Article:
How can equity in children’s early learning be achieved?

By Rowena Phair

Deputy Head of Division, OECD Directorate for Education and Skills

Key points:

– Children from disadvantaged families face significant development gaps by the age of five.
– These gaps are unlikely to close during schooling.
– Education leaders and policy makers can, however, take action to reduce or prevent these gaps, and provide a level playing field for all children.

Children from socio-economically disadvantaged families face equity gaps before they even start formal education. New evidence from the OECD’s International Early Learning and Child Well-being Study shows that by the age of five, disadvantaged children are already behind more advantaged children by 12 months of development. This is an enormous gap for any five-year-old to close, and most will not do so.

Yet early equity can be achieved. OECD data shows that children from disadvantaged families can reach the same levels of development as children from advantaged families, as illustrated below.

Figure 1: Building resilience and early equity

Source: OECD (2020); OECD International Early Leaning Survey 2018 database (accessed on 6 June 2022).

OECD evidence points to four actions that education leaders and policy makers can take to improve early equity:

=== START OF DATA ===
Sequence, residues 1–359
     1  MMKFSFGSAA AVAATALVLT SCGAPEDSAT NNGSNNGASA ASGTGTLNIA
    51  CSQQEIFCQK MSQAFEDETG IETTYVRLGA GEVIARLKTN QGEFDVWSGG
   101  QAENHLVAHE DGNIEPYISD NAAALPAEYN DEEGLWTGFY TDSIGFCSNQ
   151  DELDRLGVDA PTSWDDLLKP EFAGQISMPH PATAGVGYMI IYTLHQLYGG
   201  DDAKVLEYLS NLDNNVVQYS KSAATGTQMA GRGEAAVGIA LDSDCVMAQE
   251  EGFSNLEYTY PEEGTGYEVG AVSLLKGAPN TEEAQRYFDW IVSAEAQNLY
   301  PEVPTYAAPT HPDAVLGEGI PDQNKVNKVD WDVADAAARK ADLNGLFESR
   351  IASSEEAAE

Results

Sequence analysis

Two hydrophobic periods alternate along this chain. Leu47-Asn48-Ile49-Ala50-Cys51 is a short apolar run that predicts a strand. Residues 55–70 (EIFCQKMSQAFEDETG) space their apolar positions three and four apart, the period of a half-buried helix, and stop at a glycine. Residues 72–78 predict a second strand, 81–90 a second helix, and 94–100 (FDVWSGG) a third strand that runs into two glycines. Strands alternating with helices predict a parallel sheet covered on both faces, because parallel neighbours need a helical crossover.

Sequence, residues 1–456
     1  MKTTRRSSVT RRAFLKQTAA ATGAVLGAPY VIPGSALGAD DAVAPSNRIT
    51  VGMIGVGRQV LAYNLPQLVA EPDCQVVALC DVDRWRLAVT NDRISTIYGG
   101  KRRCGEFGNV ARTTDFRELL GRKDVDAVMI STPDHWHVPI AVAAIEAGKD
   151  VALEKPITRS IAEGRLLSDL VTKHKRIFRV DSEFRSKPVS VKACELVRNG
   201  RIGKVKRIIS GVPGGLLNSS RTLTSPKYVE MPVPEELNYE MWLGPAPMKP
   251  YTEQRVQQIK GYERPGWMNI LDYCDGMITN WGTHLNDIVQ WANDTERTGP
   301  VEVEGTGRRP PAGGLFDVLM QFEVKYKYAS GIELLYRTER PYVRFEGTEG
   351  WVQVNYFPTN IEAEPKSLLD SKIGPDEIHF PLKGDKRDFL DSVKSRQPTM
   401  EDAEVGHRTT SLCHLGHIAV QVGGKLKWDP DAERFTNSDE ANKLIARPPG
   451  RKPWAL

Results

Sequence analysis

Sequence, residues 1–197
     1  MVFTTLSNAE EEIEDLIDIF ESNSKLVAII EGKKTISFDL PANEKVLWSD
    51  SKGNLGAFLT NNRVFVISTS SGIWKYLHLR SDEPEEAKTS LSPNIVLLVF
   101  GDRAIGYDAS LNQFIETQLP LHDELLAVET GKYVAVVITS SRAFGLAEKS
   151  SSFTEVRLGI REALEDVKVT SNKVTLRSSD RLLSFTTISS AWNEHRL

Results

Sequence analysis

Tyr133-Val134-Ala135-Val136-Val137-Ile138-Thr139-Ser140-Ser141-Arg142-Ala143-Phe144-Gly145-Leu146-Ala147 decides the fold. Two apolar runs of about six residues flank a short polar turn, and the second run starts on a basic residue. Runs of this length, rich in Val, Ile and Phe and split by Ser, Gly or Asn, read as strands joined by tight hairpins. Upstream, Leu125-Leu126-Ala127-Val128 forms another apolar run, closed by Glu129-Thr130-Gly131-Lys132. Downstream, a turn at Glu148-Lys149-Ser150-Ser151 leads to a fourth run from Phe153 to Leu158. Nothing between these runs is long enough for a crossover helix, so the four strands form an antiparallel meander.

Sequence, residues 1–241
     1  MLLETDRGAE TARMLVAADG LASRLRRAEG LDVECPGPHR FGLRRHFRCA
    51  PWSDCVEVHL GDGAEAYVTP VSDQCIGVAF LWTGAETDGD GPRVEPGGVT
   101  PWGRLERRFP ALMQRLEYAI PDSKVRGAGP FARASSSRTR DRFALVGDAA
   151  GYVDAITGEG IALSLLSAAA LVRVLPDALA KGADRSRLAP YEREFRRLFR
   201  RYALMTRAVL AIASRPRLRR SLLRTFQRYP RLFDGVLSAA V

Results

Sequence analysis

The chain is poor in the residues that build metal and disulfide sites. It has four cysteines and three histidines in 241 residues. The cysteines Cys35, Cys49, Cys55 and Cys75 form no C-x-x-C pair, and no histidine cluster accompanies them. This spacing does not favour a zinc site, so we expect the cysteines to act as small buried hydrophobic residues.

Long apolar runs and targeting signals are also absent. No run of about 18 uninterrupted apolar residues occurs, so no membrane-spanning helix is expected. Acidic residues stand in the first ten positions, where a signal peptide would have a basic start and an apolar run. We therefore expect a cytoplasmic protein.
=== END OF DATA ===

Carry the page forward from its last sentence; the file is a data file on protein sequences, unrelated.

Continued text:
• Provide all disadvantaged children with access to early childhood education and care (ECEC)
  • Put measures in place to ensure the provision of ECEC is of high quality, and responsive to the needs of children and their families
  • Support strong links between ECEC centres/schools and parents
  • Improve the quality of children’s home learning environments.

While high-quality ECEC provides clear benefits for disadvantaged children, the provision of ECEC alone is not enough to achieve early equity. The effects of ECEC, however, can be enhanced if it is of high quality and if teachers and parents work in partnership to support strong child development.

The role played by children’s home learning environments is critical, but few countries have systemic approaches to supporting parents to give their children the best possible start in life. The activities that parents undertake with their children that are associated with better early learning outcomes include regularly reading and having back-and-forth conversations with children, and ensuring they have access to children’s books.

Thus, multiple actions are required to provide a level playing field for disadvantaged children. This requires education leaders and policy makers to think outside existing institutional frameworks. That way every child can have a strong early start, and the chance to succeed in school and beyond.

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Photo: ShutterStock/Robert Kneschke